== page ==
Wigan @ Wembley: A view from the press box
The magic of the FA Cup will be alive and well this weekend when Wigan travel south to face Millwall at Wembley.
The Latics produced arguably the performance of this season’s competition to set up Saturday’s semi-final date with the Championship side following a ruthless 3-0 win at Everton last month, with all three goals coming in the space of three first-half minutes.
Roberto Martinez’s men turned in an equally-emphatic display in a 4-1 victory over Huddersfield in the previous round.
The manner in which Wigan’s fortunes have improved since that televised triumph at the Galpharm Stadium has propelled them to an historic semi-final appearance and provided valuable momentum in the battle to beat the drop from the Premier League.
Only goal difference is preventing the Latics from climbing out of the bottom three, but attention this weekend switches to battling for a FA Cup final place.
Ahead of the game, we chatted with Paul Kendrick, football correspondent for the Wigan Evening Post and Wigan Observer and a life-long Latic, to get his thoughts on Wigan at Wembley.
Roll the clock back to the end of December and Wigan looked a world away from the side currently brimming with confidence after losing only one of their last seven games in all competitions and looking forward to a first-ever FA Cup semi-final. What has sparked this change in fortunes? The cup run?
Paul: It’s kind of snowballed since the turn of the year. At first the cup was a bit of a distraction, but with every passing round talk of Wembley has increased a whisper to a crescendo.
In truth, Wigan were pretty fortunate to get by both Bournemouth and Macclesfield in rounds three and four, but they hammered Huddersfield and then dismantled Everton in the last round.
But the lads who were given a chance in the cup, the likes of Callum McManaman and Joel Robles, have taken their chance with both hands and have now become established Premier League starters. And it’s probably that competition for places that has been the key to the recent resurgence.
While one sporting team in Wigan knows the route to Wembley very well, the Latics are more sporadic visitors, but one of their visits was an Auto Windscreens trophy final win over Millwall of all sides in 1999. Were you there that day? If so, what are your memories of it? Sum up the feeling around the town since Wigan booked their place in the semi-final?
Paul: Yes I was there on the famous day back in 1999.
There were six of us who went down from Wigan for the weekend, with plans to paint the capital red (or blue in our case) and obviously enjoy the game. The over-riding memory I have of the day is when we stepped on to the Tube to Wembley, and quickly realising we were in with what seemed to be 50,000 Millwall fans on their way in.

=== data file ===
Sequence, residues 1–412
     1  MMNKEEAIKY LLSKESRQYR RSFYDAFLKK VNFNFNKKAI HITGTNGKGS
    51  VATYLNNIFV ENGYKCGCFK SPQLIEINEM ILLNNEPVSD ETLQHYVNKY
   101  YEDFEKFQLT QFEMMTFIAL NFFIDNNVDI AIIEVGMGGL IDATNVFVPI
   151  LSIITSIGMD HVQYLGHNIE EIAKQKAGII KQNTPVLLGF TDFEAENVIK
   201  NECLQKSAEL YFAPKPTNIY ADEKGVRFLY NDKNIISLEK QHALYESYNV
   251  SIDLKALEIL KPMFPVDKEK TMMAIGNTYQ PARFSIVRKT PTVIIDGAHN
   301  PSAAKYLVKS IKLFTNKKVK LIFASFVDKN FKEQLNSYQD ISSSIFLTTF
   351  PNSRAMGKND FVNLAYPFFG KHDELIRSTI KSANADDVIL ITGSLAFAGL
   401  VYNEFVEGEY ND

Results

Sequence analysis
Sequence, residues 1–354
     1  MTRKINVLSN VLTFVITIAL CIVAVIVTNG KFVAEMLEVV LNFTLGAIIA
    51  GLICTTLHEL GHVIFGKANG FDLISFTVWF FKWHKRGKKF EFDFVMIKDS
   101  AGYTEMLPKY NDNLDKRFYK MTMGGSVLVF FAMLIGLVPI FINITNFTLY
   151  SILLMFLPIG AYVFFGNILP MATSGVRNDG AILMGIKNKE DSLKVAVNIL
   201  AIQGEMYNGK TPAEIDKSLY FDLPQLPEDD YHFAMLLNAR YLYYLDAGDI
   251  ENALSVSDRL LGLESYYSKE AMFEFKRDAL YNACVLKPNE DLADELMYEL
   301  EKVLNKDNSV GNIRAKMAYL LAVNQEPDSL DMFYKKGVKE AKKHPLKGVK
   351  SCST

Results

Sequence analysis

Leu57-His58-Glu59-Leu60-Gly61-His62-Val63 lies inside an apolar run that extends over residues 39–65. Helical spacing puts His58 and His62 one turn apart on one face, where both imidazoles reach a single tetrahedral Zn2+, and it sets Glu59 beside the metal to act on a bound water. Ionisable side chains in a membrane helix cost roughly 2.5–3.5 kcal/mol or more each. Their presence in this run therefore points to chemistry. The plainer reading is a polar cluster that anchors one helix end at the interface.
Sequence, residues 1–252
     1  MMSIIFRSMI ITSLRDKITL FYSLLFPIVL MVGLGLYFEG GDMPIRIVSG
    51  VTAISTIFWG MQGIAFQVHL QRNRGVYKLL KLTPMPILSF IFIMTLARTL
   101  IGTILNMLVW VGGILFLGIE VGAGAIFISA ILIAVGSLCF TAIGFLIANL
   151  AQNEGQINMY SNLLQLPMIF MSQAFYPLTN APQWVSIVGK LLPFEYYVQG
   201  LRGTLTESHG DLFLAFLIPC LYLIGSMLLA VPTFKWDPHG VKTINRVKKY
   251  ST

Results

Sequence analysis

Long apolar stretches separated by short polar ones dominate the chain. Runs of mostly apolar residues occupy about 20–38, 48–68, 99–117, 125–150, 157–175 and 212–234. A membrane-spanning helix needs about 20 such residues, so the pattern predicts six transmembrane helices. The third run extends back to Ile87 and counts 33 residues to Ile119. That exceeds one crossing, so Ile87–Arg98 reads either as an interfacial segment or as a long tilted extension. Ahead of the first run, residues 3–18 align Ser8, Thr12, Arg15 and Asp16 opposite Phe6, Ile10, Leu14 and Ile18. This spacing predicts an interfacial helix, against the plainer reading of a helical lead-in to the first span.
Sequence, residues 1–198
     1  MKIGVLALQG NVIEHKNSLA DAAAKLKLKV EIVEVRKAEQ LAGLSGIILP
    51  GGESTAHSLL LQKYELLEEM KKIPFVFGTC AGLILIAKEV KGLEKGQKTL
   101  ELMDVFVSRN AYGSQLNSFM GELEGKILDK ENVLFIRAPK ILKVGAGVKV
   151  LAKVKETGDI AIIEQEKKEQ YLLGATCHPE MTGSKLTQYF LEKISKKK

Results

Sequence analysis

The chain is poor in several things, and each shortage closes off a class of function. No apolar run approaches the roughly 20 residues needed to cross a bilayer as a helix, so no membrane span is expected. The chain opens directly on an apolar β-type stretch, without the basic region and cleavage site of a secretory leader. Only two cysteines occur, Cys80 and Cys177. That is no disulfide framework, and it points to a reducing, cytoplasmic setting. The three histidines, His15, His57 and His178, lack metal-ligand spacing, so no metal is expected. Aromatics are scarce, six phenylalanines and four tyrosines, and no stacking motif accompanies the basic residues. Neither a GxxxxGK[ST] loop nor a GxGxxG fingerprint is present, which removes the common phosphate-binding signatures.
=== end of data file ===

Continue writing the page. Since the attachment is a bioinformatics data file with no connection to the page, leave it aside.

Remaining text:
I have never seen six young lads with a a couple of pints inside them stay silent for so long – one of us wearing a Latics shirt had his coat zipped so far up he still has the scar on his neck.
Regarding the feeling this time round, it’s been a remarkable cup run. It kind of crept up on us, until you go to Everton in the quarter-final knowing you’re 90 minutes from Wembley. And then the lads come up with a performance like that and suddenly it’s very real.
Wigan are the 4/5 favourites to beat Millwall. How do you think the Wigan players will cope with the unusual situation of the pressure of expectation that comes with being favourites and playing in front of a crowd of 90,000?
Paul: It will be a different kind of pressure, because obviously Wigan are usually underdogs in the Premier League. But having spoken to the players and management this week, they’re well aware of the pitfalls and are determined to do the job right.
At the end of the day they’re 90 minutes away from an FA Cup final, which none of them have ever done before. If that doesn’t focus the mind, nothing will.
If Roberto Martínez can guide Wigan to the FA Cup final and possibly into Europe then it’s likely to trigger fresh speculation linking with a move to a bigger club. What qualities do you think make him such a highly-rated young manager?
Paul: He just has a greater understanding, knowledge and appreciation of the game of football than anyone I’ve ever encountered. Football’s not his job, it’s his life.
When you have that passion – and an incredible hunger and desire to learn and to improve – it’s a great recipe for success. He also knows how to get the best out of his players – to bring out performances some of them probably didn’t realise they had in them.
Which player(s) do you expect to rise to the occasion at Wembley? Give us a score and first scorer prediction.
Paul: If I had to pick one player who makes Wigan tick, it would be Shaun Maloney. His stoppage-time goal last weekend against QPR was typical of his influence.
I’ll go Maloney first goal, and Wigan to win 3-1 (80/1).
Putting the FA Cup to one side to focus on Wigan’s relegation battle, do you think it will go down to the final day of the season against Aston Villa at home? Will Wigan stay up?
Paul: I don’t feel Wigan are anywhere near to being one of the three worst sides in the Premier League. But injuries have hit them hard this year and yet again they find themselves with work to do and time running out.
With the inevitable fixture pile-up caused by the FA Cup run, it could easily go down to the last day. But I’d take Wigan to beat Villa in a one-off game. I saw them win 3-0 at Villa Park in the corresponding fixture back in December and, no exaggeration, it could have been six.
Time to put your neck on the line – who do you think will drop down to the Championship?
Paul: QPR, Reading and Sunderland.
Thanks for your time Paul and let’s hope Wigan and Millwall produce a classic. Game on!